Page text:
Ask Matt: What role do investment banks perform?
A: Investment banks are the grease that keeps financial markets moving, often
behind the scenes.
The term investment bank means different things to different people, but at its very core, the job of these institutions is to get money from people who have too much of it and are looking for a return to those that have ideas, but not enough cash. Investment banks shift cash from investors to entrepreneurs, typically by selling securities such as stock and bonds.
Investment banks sell, or underwrite, shares of new companies in the process of the initial public offering. They also handle the process of companies selling debt to investors. Investment banks also serve the role of selling these securities, by writing research on the prospects for stock and bonds. Meanwhile, investment bankers also operate trading desks. These parts of the business buy and sell securities using proprietary methods that attempt to find securities that are incorrectly priced, even for a nanosecond.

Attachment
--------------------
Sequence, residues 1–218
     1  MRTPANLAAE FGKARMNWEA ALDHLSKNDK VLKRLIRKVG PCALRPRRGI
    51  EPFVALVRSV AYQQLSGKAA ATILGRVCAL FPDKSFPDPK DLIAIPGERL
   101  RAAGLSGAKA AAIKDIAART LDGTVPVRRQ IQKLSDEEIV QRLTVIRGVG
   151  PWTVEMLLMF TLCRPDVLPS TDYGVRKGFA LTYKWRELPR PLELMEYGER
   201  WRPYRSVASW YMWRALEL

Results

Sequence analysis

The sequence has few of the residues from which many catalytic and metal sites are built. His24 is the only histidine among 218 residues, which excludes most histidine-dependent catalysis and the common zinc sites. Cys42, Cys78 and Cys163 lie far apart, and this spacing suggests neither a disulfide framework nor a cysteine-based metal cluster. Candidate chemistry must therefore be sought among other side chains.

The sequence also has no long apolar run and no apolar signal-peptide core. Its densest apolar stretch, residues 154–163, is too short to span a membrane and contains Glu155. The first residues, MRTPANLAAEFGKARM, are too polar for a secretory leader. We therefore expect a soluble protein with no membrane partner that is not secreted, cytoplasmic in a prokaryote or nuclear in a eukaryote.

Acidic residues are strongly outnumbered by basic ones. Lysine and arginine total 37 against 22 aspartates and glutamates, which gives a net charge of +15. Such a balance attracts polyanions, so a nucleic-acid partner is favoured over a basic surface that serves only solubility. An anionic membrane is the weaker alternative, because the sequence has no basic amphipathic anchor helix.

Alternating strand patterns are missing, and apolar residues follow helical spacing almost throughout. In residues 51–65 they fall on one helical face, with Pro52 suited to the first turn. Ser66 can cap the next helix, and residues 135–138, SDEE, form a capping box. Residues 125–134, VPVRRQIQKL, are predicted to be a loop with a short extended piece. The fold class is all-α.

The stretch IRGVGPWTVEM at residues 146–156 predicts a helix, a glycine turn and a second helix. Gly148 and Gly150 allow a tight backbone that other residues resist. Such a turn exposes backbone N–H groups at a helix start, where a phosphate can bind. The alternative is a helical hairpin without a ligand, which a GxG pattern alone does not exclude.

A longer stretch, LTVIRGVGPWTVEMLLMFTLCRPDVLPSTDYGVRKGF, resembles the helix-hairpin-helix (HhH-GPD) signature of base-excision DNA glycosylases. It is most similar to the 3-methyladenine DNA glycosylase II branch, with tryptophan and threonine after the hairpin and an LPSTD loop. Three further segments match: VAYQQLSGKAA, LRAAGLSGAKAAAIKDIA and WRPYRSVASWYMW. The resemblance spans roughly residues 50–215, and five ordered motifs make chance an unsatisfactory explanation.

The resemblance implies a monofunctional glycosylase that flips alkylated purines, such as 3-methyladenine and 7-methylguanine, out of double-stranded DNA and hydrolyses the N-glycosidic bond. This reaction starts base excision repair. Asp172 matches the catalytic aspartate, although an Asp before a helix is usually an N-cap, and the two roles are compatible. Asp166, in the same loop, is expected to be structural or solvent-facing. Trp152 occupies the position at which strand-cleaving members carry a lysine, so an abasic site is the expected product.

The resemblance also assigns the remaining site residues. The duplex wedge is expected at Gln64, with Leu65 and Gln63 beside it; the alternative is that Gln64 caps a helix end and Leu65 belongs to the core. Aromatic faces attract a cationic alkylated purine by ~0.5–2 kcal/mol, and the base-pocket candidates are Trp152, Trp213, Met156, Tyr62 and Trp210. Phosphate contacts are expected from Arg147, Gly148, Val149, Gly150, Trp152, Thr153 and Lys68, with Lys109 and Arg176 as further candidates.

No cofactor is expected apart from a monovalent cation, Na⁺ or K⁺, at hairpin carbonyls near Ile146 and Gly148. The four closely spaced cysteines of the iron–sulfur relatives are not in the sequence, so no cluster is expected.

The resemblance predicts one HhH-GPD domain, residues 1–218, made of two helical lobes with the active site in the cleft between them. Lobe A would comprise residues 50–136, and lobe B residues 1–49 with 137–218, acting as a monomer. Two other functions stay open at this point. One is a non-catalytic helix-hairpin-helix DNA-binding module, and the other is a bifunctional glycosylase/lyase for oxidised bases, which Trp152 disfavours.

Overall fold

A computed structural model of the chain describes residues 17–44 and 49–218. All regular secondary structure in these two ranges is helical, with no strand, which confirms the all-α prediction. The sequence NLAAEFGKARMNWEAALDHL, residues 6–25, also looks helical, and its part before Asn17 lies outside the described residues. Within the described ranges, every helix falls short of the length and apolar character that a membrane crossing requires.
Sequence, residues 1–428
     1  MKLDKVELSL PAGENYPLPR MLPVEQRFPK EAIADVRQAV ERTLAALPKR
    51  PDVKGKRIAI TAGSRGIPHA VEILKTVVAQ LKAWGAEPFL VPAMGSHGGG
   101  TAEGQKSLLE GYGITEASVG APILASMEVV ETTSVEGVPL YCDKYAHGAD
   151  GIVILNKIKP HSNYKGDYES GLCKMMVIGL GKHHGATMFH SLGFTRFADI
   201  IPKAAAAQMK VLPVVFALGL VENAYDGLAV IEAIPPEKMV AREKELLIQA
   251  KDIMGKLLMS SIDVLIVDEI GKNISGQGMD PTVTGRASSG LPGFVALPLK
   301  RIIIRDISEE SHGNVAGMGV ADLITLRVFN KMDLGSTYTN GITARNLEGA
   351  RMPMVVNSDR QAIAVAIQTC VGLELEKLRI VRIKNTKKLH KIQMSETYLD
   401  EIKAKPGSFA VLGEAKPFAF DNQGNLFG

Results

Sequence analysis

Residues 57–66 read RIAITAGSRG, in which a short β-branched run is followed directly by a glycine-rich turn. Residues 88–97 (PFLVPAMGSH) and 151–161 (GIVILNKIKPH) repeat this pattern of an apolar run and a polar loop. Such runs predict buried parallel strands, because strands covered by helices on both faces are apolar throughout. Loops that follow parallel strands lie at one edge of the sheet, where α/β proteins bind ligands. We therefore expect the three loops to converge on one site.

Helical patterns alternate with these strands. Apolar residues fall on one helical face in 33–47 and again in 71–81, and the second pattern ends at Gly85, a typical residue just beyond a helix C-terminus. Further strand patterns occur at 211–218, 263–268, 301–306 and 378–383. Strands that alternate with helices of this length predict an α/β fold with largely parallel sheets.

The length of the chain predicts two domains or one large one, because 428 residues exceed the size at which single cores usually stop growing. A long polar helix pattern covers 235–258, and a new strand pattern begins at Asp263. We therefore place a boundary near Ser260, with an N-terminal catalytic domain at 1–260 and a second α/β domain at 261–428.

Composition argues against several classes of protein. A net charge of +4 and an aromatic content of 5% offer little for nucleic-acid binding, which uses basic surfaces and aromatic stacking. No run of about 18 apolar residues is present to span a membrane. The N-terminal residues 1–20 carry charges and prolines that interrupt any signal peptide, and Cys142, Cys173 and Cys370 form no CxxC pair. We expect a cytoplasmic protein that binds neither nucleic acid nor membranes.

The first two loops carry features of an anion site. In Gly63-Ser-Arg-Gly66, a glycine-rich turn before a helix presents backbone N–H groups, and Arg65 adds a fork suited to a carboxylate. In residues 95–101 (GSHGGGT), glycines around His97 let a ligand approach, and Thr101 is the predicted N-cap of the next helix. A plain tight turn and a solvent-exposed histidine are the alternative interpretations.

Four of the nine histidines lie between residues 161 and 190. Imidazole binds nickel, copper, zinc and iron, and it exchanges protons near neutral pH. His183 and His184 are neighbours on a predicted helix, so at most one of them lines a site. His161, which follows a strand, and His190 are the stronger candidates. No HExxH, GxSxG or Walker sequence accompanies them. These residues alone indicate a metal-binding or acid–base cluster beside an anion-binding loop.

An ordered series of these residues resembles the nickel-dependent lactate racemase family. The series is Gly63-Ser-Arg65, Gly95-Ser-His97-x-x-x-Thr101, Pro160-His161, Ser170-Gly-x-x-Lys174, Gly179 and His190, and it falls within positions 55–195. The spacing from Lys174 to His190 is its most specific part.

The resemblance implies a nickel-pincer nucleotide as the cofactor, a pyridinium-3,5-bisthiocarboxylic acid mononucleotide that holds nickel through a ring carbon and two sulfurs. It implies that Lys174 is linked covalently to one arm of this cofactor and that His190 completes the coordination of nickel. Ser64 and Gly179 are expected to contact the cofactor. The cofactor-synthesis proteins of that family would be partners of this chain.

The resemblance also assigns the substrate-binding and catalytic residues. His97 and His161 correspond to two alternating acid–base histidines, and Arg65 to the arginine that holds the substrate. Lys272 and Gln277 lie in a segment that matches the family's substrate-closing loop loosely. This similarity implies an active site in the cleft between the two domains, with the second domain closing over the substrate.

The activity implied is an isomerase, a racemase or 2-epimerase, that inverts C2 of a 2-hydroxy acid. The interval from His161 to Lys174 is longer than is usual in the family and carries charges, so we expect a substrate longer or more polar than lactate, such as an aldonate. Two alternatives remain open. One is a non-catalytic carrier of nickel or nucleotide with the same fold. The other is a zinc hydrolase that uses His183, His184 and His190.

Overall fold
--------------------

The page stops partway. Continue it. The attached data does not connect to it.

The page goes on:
Given all the areas investment banks are involved in, there's a concern about conflicts of interest. Investment banks have been accused many times of not serving the interests of one client, to help another.
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